The Truth about Stretching

How do you achieve and maintain your muscles at their ideal length so that you can move easily and freely? For flexibility, stretching is important to reach this goal.

Truth About Stretching

Right now there is growing evidence that supports stretching for the purpose of improving range of motion and joint function and enhancing muscle performance, as well as substantial “real-life” reports to support its role in preventing injuries. Here are some easy to follow guidelines on how to stretch:

-Hold each stretch for 10 to 30 seconds and repeat up to four repetitions.
-Perform at least one stretch for each major muscle group.
-Stretch at least two to three times a week, preferably every day.
-Stretch to the point of discomfort but not beyond.
-Don’t hold your breath while stretching.

An important concept to understand when it comes to stretching is the stretch flex mechanism. This mechanism defends against overstretching and tearing and signals the muscle to shorten and tighten when stimulated. An example of the stretch reflex: When your doctor taps your knee with a little hammer and your leg kicks up. To avoid stimulating the stretch flex, never stretch to an extreme length or stretch quickly as in a bouncing movement.

To date, most stretching studies have looked at traditional stretching. Other varieties of stretching show some promise in the areas of preventing injuries and easing muscle soreness. But no major studies that we know of have compared the various stretching methods head to head. In fact, more and more studies show that there isn’t necessarily one best way for all people because we each have different body types, experience, and goals. Experiment with a variety of stretching methods, and find out which stretches feel most comfortable to you. You may even want to combine a number of stretching methods. You may find for example, that you enjoy doing Active isolated stretches for your hamstrings (rear thigh muscles) but traditional stretching for your shoulders.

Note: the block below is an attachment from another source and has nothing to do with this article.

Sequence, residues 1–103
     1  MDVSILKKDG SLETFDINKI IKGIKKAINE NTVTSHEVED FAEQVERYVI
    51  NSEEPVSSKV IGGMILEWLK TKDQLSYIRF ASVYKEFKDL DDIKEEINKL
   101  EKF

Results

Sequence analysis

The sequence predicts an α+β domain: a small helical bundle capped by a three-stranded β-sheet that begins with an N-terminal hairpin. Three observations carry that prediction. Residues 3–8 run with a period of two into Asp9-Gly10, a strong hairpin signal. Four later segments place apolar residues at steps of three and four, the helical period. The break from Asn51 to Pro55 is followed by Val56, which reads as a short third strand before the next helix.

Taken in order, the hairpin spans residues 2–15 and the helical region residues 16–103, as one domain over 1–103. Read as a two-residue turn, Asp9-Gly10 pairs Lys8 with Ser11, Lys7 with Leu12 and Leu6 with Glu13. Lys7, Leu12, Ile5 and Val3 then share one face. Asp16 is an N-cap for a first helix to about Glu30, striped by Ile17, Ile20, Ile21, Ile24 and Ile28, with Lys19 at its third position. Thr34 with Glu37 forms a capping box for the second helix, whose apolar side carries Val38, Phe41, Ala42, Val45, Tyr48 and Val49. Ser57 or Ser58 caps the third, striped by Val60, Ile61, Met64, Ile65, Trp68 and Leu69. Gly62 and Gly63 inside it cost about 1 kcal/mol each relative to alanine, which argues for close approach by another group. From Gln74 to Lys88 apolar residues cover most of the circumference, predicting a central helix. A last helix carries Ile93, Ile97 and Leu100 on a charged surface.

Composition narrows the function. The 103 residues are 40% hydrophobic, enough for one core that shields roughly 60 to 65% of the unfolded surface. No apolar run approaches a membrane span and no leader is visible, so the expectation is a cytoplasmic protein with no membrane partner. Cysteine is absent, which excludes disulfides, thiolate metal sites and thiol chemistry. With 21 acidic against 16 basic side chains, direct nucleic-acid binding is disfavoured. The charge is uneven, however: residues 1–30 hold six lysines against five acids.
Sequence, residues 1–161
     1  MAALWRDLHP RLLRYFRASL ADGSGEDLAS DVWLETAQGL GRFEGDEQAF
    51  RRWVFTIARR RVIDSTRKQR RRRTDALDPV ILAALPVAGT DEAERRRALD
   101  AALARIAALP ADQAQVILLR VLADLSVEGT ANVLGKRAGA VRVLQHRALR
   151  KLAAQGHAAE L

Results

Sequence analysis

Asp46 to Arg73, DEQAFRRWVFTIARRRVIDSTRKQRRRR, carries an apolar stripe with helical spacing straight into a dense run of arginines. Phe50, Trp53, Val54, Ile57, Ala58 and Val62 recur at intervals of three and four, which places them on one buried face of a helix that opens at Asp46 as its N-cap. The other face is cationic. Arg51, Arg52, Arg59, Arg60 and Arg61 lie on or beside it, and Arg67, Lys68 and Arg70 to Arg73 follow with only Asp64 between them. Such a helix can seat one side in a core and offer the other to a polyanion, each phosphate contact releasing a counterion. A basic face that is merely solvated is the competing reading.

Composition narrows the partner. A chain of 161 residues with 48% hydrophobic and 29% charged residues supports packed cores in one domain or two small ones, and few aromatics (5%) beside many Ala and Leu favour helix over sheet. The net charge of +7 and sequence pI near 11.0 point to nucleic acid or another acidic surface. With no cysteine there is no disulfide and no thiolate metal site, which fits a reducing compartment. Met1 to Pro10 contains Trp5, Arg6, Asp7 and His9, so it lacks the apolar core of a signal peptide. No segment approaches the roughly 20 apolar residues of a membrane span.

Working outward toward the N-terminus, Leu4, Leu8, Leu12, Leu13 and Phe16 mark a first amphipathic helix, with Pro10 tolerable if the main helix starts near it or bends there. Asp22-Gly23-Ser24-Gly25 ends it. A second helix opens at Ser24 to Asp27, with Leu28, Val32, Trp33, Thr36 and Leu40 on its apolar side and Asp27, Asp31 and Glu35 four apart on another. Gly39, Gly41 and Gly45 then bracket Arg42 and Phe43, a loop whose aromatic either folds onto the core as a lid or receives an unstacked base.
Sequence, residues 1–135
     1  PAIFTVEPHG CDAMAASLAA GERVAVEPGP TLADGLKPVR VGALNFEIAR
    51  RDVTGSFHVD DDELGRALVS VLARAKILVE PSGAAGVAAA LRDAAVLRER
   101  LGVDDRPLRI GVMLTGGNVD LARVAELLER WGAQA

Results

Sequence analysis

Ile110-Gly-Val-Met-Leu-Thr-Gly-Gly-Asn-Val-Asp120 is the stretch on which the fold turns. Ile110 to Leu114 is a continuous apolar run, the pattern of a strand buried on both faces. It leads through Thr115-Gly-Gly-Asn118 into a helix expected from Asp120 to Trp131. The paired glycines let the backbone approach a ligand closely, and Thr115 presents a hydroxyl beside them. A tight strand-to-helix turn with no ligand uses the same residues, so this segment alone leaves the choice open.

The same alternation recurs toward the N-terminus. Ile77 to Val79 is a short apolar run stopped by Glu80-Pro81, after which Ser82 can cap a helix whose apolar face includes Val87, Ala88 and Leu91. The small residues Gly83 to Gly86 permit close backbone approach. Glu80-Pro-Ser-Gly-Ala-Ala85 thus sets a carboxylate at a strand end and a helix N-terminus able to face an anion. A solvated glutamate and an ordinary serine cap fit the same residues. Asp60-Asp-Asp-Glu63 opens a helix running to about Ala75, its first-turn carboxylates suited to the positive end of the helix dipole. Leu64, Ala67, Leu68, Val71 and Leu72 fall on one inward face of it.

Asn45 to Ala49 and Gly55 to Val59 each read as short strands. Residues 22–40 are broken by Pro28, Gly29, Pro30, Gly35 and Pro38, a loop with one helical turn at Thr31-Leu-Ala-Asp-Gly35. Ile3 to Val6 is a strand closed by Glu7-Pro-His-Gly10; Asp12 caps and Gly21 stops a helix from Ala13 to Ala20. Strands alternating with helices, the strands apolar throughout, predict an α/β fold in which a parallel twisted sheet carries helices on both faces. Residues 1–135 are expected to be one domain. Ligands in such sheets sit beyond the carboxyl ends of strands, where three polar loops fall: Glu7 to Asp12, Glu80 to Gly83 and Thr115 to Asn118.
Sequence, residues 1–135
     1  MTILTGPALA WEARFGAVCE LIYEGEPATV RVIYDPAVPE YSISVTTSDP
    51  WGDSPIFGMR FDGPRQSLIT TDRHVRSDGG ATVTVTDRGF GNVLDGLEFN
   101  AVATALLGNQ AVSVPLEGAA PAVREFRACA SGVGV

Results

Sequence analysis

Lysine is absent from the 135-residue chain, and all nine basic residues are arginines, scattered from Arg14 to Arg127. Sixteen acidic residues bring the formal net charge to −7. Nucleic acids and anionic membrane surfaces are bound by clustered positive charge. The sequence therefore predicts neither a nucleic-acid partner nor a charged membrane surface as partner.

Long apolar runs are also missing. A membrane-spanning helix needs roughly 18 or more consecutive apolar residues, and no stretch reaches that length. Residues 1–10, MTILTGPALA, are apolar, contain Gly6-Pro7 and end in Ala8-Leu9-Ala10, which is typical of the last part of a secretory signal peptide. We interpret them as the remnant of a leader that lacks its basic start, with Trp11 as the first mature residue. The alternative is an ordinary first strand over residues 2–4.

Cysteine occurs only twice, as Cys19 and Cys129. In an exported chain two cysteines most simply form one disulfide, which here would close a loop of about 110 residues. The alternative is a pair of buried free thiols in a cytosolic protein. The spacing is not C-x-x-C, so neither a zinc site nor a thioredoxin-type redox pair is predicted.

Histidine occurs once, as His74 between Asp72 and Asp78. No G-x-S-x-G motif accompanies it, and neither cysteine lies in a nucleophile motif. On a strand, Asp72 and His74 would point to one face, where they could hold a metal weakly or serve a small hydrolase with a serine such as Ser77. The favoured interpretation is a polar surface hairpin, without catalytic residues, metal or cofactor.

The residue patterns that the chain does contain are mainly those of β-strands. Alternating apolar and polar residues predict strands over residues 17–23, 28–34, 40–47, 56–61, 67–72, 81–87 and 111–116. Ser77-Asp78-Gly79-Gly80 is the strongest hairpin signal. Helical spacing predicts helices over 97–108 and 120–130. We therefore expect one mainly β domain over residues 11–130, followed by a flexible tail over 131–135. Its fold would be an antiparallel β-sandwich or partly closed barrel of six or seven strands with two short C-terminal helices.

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  • Greg says:

    There are also some studies that show that stretching does not achieve what it is promising. The german website has quite a lot of information on this.

    The problem is that most people don’t realise how quickly the stretch flex mechanism sets in. And therefore traditional stretching gives the impression to change something but mostly things stay the same.

    Much reduction in muscle length e.g. in office workers comes from a reduced ranged of movement. The body concludes it is not necessary to provide all this length if ‘no-one’ is using it. This in turn leads to adapted and strenuous movements habits which in usually stay, even if there is a bit of muscle length gained from stretching. Thus, for prevention and reducing strain on joints it is best to work on the habits first.

    In order to deal with habits I’d recommend the Alexander Technique which teaches to become aware where we add unnecessary limitations and strain to our organism. Then a practical way of stopping tightness and moving into more length can be learnt in lessons.

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